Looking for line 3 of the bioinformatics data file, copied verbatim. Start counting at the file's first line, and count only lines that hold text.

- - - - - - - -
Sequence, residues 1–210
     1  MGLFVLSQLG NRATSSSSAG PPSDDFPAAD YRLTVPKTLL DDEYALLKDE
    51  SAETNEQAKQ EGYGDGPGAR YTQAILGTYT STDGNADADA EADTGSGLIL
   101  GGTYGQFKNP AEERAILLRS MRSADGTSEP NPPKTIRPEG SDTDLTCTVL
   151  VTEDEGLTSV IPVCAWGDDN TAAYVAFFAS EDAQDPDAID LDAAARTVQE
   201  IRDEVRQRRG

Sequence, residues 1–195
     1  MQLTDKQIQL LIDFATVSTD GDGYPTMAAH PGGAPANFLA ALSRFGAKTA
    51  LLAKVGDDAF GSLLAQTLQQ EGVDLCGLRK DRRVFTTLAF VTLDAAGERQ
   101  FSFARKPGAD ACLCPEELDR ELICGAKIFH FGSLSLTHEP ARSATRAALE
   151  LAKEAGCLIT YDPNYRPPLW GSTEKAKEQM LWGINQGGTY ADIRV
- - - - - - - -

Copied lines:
    51  SAETNEQAKQ EGYGDGPGAR YTQAILGTYT STDGNADADA EADTGSGLIL